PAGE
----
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Content strategy is, in fact, the next big thing

by Kristina Halvorson on February 25th, 2010

In January of 2009, I started telling people that content strategy would be the next big focus for organizations worldwide. I even went so far as to say, “Content strategy will soon be getting more attention than social media.”

Lots of folks smiled encouragingly, patted my shoulder, and told me to get back to my style guides. Some people just laughed at me. And that’s when I hit them over the head with my content inventory. Bam!

Well. Guess what.

Numbers don't lie.
Here’s a look at Google search returns for “social media” as it rose in popularity:

2001: 1,060,000 
2002: 1,350,000 (+27%)
2003: 1,570,000 (+16%)
2004: 5,830,000 (+270%)
And now, here’s a look at the past few years of Google search returns for “content strategy":
2006: 26,500 
2007: 50,600 (+90%)
2008: 83,200 (+64%)
2009: 428,000 (+390%)
See those numbers? That's some sudden, explosive growth. (I'll refrain from saying "I told you so." I'm classy like that.)
Content strategy is gaining ground—albeit in smaller circles—even more quickly than social media did. Why?
I think it's because the reality of social media initiatives—that they're internal commitments, not advertising campaigns—has derailed more than a few organizations from really implementing effective, measurable programs. Most companies can't sustain social media engagement because they lack the internal editorial infrastructure to support it.
They don't have a content strategy.
It's not that this hasn't been a problem for years. It's simply that social media has made the problem more obvious (and more public) than ever before.
“Everything starts with a mission, and is fortified by the content we create.”
Social media rockstar Brian Solis recently published a landmark article that finally begins to identify social media for what it is: a component of content strategy.
In Why Brands Are Becoming Media (Mashable.com), Solis writes:
One of the greatest challenges I encounter today is not the willingness of a brand to engage, but its ability to create. When blueprinting a social media strategy, enthusiasm and support typically derails when examining the resources and commitment required to produce regular content.
He goes on to say:
In the near future, brands and organizations will create new or augment existing roles for editors and publishers to create timely, relevant, and captivating content on all social media channels. This work is in addition to the other reactive and proactive social media campaigns that are already in progress.
Solis discusses the need for publishing calendars, editorial oversight, content performance analysis, and cross-discipline collaboration:
New media necessitates a collaboration between all teams involved in creating and distributing content, including advertising, interactive, communications, brand, and marketing — with an editorial role connecting the dots.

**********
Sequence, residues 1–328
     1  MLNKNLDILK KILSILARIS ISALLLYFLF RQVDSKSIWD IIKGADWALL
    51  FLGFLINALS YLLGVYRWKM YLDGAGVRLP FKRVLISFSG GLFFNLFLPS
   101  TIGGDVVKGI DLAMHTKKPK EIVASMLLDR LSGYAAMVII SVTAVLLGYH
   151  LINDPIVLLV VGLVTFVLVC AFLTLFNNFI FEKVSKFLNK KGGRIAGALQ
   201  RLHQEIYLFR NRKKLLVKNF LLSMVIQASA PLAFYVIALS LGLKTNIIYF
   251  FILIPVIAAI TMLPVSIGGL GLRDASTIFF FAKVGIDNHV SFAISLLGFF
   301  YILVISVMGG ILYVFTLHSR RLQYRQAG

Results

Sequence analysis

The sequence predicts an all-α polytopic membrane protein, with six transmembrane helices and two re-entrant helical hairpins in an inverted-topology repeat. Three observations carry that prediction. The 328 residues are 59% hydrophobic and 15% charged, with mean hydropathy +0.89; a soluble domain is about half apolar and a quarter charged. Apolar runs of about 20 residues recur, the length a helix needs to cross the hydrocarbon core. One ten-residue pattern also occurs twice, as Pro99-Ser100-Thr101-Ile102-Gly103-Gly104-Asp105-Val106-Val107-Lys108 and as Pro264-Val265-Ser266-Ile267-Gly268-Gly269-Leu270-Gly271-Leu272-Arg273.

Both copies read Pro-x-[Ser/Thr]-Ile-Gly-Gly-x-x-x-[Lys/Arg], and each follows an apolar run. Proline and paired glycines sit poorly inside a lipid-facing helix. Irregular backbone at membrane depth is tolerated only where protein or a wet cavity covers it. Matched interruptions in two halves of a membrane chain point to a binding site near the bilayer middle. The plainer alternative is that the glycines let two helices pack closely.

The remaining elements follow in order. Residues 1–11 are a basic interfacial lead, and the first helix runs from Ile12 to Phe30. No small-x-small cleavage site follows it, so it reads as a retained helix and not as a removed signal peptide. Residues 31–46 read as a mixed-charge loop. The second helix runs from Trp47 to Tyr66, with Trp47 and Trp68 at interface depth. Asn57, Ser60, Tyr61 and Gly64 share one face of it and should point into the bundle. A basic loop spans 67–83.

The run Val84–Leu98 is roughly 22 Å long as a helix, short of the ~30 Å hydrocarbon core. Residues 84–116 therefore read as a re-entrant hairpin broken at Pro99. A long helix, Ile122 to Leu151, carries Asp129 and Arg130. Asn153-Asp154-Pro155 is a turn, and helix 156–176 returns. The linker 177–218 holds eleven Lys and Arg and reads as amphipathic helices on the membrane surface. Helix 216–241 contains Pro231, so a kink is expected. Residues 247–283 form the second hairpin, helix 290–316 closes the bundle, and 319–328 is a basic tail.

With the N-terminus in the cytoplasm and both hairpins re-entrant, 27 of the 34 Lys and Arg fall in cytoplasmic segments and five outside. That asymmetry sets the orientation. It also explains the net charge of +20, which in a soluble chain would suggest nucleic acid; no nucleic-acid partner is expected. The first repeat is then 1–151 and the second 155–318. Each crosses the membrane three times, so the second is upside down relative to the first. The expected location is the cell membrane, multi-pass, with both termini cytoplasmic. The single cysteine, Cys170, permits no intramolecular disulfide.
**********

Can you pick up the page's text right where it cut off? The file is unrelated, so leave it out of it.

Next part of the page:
Is this sounding at all familiar?
This is enterprise content strategy in action. And it's not just going to help us get social media right. It's going to fix our content.
I’m not just talkin’ style guides, here.
Last year, I wrote a book called Content Strategy for the Web. It offers a pretty straightforward approach to planning for content in your web initiatives. The good news: I'm starting to get daily emails from people telling me how radically it's changing their project processes and outcomes (in a good way, thank you very much).
And so, obviously, I’m a big fan of content strategy at the web-project level. It brings happiness and joy to all who practice it. (It makes us so happy here at Brain Traffic, it's all we do.)
But content strategy isn’t only about projects, and it’s certainly not just for websites.
That said, web projects are a terrific place to see content strategy in action. At the project level, we see almost immediately how content strategy’s tools and methods can literally transform how we consider and care for our content, how they can streamline processes and conserve resources. We can quickly measure our customers’ reactions to finally getting useful, usable, engaging, actionable content.
But once we’ve witnessed content strategy’s effectiveness at the project level, it’s time to take several steps back and examine our organizations. Because content strategy can’t be truly effective over the long term without an internal editorial infrastructure to support it. And that means widespread organizational change.
The proof is in the practice.
At its core, content strategy isn’t really about content inventories, or messaging, or publishing calendars, or governance policies. It’s a way of thinking that has direct impact on the way we do business. And the way we do business must include a clear focus on how we create, deliver, and govern our content. Because more than ever before in the history of commerce, content has become one of our most valuable business assets.